Agenda-setting research: Essential Reading for a #JustEconomy

Everyone made adjustments in their lives due to the coronavirus pandemic. So did NCRC’s research and publishing teams. Here are our top 10 reports, in no particular order, from 2020:

    1. Redlining and Neighborhood Health: Lower-income and minority neighborhoods that were intentionally cut off from lending and investment decades ago today suffer not only from reduced wealth and greater poverty, but from lower life expectancy and higher prevalence of chronic diseases that are risk factors for poor outcomes from COVID-19
    2. Lending Discrimination within the Paycheck Protection Program: Before COVID-19, tests revealed better treatment of White applicants for small business bank loans compared to Black ones. Matched-pair tests revealed similar disparities for PPP loan applicants.
    3. PPP Data Shows Loans Flowed Mostly to Businesses in Wealthy White Communities: The government’s flawed COVID relief program underscored the need for equity in small business financing, and for stronger enforcement of fair lending laws.
    4. Bank Branch Closures Continue At Alarming Pace: There was a 5.13% loss of bank branches across the United States from 2017 through the third quarter of 2020, a new analysis found.
    5. Racial and Ethnic Representation and Investment Framework: New benchmarks for racial and ethnic representation from NCRC and Beneficial State Foundation set goals and metrics for banks to evaluate their performance.
    6. Study: After The Coronavirus Shutdowns, Employment Levels Rebounded Completely For White Entrepreneurs In North Carolina, But Not For Black Ones: Although active employment rates in North Carolina’s small businesses dropped broadly during the first six months of the COVID-19 pandemic, by the end of August the rate had returned to pre-COVID levels for White entrepreneurs, but was still down by 62% for Black business owners.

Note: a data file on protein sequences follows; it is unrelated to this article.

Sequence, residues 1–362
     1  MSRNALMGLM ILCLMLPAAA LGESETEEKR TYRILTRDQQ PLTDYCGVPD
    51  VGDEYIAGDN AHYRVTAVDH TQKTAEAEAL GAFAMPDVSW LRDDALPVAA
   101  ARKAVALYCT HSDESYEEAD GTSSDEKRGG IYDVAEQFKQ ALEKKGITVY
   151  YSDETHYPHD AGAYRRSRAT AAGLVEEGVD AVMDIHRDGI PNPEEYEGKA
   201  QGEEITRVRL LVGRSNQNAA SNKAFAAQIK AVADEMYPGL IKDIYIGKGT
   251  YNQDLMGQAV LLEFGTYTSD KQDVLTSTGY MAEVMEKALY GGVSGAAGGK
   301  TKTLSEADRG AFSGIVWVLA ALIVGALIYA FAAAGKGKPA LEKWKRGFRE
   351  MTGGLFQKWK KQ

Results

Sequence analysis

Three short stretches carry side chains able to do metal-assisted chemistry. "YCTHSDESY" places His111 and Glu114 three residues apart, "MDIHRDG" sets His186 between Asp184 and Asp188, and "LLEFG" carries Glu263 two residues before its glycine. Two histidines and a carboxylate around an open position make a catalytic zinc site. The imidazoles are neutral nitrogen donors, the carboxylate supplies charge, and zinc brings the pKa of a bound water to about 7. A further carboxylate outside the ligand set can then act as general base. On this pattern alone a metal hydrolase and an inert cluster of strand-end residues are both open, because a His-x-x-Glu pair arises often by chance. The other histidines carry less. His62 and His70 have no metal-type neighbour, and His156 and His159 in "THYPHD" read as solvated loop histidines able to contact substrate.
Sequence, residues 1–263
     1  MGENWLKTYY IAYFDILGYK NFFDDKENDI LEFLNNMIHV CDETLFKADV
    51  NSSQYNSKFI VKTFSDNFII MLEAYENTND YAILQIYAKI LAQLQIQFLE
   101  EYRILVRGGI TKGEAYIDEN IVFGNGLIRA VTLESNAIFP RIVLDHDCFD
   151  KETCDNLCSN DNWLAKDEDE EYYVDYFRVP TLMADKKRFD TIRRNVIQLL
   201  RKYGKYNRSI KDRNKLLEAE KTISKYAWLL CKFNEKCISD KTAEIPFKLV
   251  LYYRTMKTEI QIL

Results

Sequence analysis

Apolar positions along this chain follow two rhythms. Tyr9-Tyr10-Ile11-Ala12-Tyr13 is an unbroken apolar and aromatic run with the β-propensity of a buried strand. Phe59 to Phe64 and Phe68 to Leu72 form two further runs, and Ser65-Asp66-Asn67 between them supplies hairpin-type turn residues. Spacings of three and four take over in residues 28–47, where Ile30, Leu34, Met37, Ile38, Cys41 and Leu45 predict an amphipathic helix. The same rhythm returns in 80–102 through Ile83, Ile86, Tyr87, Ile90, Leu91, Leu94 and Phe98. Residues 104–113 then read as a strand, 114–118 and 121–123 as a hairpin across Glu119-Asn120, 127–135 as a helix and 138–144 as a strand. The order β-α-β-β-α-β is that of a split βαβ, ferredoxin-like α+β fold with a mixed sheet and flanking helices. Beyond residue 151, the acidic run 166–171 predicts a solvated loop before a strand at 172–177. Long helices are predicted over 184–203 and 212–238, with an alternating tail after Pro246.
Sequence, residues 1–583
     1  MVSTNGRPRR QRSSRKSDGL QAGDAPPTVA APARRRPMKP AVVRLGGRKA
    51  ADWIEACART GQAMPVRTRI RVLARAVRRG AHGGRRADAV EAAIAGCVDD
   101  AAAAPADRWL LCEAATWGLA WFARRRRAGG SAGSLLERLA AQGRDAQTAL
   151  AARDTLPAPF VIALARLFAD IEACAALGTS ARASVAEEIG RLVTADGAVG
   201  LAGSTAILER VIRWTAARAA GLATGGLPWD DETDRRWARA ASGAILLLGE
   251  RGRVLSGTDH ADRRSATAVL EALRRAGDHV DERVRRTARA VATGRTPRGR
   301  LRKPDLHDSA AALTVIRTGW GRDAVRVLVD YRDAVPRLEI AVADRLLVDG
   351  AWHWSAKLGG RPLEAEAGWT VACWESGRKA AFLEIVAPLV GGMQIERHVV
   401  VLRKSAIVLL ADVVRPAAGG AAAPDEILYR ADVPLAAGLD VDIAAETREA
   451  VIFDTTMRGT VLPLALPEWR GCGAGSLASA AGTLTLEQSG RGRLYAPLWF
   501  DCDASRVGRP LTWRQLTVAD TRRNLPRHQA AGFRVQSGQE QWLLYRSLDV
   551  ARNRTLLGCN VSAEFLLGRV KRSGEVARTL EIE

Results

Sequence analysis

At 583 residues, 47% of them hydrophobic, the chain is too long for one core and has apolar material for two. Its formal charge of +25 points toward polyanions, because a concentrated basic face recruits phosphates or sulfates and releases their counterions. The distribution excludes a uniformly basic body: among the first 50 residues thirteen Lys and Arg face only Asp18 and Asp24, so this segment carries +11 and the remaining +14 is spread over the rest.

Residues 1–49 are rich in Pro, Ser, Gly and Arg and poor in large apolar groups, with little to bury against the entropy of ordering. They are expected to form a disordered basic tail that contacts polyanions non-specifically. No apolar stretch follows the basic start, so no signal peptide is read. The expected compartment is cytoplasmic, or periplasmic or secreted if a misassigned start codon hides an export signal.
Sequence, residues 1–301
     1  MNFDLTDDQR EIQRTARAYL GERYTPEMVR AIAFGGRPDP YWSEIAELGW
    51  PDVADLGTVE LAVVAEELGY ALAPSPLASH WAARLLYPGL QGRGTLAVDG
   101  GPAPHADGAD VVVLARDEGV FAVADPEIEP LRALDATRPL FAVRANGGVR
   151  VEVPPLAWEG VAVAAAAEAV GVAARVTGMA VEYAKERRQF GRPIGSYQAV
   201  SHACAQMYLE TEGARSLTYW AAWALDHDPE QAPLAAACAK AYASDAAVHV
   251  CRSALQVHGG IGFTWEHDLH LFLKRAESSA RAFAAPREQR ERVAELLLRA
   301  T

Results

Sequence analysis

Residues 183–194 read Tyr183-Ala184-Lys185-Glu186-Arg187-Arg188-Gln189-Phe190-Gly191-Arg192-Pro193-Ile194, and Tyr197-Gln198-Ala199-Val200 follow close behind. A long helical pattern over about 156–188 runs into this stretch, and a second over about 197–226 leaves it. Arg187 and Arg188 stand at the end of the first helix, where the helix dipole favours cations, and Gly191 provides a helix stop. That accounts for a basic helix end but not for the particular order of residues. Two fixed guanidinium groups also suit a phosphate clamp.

7. Study: Before COVID-19, A Small Number Of Booming Cities Struggled With Gentrification. The Rest Simply Struggled: San Francisco was the most intensely gentrified city in America from 2013 to 2017. It was followed by Denver, Boston, Miami and New Orleans. 
    8. Home Lending Data Reveals Discrepancies In Latino Mortgage Lending:  Closing costs and interest rates were substantially higher for Hispanic borrowers than for non-Hispanic White borrowers.
    9. Mortgage Data Reveals Disparities In Same-Sex Lending: Same-sex couples paid higher interest rates and closing fees on home loans.
    10. Mortgage Data Reveals Disparities In Asian American And Pacific Islander Lending: New research has revealed for the first time that some Asian American and Pacific Islander (AAPI) mortgage borrowers are paying far more for their loans than others.

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Redlining and Neighborhood Health

Before the pandemic devastated minority communities, banks and government officials starved them of capital.

Lower-income and minority neighborhoods that were intentionally cut off from lending and investment decades ago today suffer not only from reduced wealth and greater poverty, but from lower life expectancy and higher prevalence of chronic diseases that are risk factors for poor outcomes from COVID-19, a new study shows.

The new study, from the National Community Reinvestment Coalition (NCRC) with researchers from the University of Wisconsin–Milwaukee Joseph J. Zilber School of Public Health and the University of Richmond’s Digital Scholarship Lab, compared 1930’s maps of government-sanctioned lending discrimination zones with current census and public health data.

Table of Content

  • Executive Summary
  • Introduction
  • Redlining, the HOLC Maps and Segregation
  • Segregation, Public Health and COVID-19
  • Methods
  • Results
  • Discussion
  • Conclusion and Policy Recommendations
  • Citations
  • Appendix

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